Endives seedlings munched to bare soil, despite being carefully tucked up in a pot with copper tape around the edge. I chose endives, rather than lettuce, because I thought it would be tougher and less attractive to molluscs. Not so. I spent the rest of the morning feeling frustrated and helpless, as no matter how hard I try to find edible plants that can survive slug damage, no matter how many precautions I take to try and protect plants, this still happens. My dream of lime green livening up the winter garden started to dissolve. I’m a rubbish gardener, I thought.
But. I’m stubborn. I have set out to garden without (knowingly) killing any wildlife, and whilst still providing food for our table. And I will do it. But I need to learn how to manage these feelings of sorrow and frustration when things like this happen. So here are three strategies I use to feel better when the critters crunch my lunch.
- Learn about your enemy – they might turn out to be a friend. The organic gardener and writer John Walker writes of molluscs: “These amazing, tenacious creatures are part of the dynamic,interconnected ecosystem of my garden. They beguile me, challenge me and teach me plenty …” They are detritus recyclers, clearing up debris and improving the soil, as nature writer Marlene Condon explains: “As snails and slugs become active, they will be delighted to find their favorite food (decaying plant and animal matter) waiting for them to feed upon. When these unusual organisms are provided with such a fine smorgasbord, they don’t bother your growing plants. Instead, they help to fertilize them—which is exactly what their function in your garden is supposed to be.” They are also lunch for other garden wildlife, including frogs, thrushes, blackbirds and hedgehogs.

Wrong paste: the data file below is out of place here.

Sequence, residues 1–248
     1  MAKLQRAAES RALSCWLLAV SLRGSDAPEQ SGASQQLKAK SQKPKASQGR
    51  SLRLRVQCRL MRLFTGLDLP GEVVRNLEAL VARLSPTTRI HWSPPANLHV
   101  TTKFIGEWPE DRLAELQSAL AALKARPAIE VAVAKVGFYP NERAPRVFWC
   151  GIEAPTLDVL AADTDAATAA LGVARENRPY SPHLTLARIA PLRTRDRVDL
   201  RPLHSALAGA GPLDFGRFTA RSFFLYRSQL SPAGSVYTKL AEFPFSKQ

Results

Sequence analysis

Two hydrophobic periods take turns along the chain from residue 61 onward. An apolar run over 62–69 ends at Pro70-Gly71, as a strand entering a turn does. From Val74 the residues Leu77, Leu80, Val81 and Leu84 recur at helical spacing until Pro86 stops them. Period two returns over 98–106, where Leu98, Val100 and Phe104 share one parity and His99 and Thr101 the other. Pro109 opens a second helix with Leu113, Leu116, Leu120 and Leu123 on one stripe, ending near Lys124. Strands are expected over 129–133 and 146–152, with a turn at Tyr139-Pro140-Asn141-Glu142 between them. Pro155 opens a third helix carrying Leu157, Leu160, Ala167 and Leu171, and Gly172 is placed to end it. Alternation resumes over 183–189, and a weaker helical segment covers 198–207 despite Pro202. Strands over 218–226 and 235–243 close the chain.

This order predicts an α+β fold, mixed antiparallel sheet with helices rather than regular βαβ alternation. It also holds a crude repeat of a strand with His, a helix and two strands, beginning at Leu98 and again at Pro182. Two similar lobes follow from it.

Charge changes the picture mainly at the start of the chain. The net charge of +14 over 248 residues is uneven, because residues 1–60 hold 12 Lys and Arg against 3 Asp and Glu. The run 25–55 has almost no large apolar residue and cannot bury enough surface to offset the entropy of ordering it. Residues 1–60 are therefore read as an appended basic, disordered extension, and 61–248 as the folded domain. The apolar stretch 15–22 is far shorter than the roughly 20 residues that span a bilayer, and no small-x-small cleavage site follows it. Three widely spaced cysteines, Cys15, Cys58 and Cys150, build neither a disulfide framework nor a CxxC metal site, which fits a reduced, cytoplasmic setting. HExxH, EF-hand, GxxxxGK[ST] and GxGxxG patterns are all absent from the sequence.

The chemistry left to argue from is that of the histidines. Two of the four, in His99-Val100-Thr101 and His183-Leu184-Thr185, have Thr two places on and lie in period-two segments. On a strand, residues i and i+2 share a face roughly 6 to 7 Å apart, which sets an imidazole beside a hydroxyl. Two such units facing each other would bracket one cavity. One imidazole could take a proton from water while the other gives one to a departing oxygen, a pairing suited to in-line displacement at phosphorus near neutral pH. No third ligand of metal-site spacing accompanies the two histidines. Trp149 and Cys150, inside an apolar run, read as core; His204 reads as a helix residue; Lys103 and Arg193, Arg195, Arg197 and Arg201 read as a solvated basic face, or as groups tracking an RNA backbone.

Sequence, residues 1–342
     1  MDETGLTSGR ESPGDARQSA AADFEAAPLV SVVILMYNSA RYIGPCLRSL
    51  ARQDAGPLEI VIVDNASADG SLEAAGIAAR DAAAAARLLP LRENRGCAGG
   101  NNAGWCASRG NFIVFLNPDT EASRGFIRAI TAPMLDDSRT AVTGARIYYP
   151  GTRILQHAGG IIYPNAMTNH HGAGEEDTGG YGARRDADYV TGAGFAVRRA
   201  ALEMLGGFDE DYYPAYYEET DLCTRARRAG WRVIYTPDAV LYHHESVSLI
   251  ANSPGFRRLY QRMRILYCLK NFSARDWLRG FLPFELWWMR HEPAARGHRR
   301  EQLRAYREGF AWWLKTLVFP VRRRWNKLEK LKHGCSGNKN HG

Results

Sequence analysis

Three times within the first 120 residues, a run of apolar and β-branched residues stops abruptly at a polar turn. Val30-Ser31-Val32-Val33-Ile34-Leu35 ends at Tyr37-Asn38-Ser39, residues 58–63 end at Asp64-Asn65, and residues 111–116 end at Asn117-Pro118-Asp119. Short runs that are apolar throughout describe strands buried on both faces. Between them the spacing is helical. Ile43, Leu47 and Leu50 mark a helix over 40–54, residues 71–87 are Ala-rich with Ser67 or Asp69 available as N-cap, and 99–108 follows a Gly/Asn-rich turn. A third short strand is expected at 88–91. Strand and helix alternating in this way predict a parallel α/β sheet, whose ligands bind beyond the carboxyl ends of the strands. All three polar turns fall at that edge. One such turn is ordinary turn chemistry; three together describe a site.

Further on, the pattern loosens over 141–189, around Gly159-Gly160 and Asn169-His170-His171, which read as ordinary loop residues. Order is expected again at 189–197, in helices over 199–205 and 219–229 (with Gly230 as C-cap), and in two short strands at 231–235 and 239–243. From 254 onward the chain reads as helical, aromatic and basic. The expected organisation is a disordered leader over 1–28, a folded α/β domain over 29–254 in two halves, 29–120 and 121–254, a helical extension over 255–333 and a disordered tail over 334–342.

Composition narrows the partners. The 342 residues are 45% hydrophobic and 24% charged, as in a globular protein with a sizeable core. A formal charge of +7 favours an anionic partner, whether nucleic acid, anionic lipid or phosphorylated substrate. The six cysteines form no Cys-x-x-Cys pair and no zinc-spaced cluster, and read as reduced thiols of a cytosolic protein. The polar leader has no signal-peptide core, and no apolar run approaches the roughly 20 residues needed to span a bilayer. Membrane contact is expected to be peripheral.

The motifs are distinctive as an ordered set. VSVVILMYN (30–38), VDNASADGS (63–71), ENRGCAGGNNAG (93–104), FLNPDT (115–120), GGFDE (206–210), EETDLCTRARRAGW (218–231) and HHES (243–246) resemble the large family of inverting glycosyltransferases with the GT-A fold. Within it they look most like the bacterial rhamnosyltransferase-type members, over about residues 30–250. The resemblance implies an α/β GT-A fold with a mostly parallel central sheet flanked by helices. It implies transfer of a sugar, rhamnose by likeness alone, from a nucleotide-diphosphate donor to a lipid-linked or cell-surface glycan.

- Look at what is working. Earlier this year, I dropped seedheads of lambs lettuce and land cress directly onto one of the beds. From experience, these don’t tend to get eaten. Low effort, low maintenance, and great contrasts of colours and flavours for winter salads. These are now coming up and so far, only tiny signs of munching:
- See the bigger picture – is there enough left over for you to enjoy? And the answer, of course, is yes – plenty! Whilst the endives are munched, I still managed to harvest all this for our salad: And the garden is not exactly full of gaps:
So in the meantime, I’ve put the endives up on a table with its legs in water, and will let the remaining plants grow on. When they are bigger and tougher, I will see how they fare in the ground. If they don’t survive, then they aren’t the right choice of plant. There are many others that are, and probably several more that I haven’t yet discovered. But meanwhile, I feel a bit better. Perhaps I’m not a rubbish gardener after all.
My flowers are being munched. Again. Earwigs are the culprit, feasting on cosmos, calendula and violas. So I’ve been looking them up on the Garden Organic website. And it turns out that they also eat garden pests including aphids … I did ask for help in that department. And thinking about it, I haven’t noticed aphid infestations for a while now. Earwigs also provide a food source for toads, birds, and hedgehogs. And they are one of the few insects that demonstrate parental care, with the mother ‘taking great care of them’, feeding and protecting the small white nymphs from predators. The mother also eats mold off the eggs to prevent it from killing them. So I can’t bring myself to ‘control’ their numbers, even with pots of straw. I need to look at how many flowers there are remaining – if I let things be there might be enough for all of us.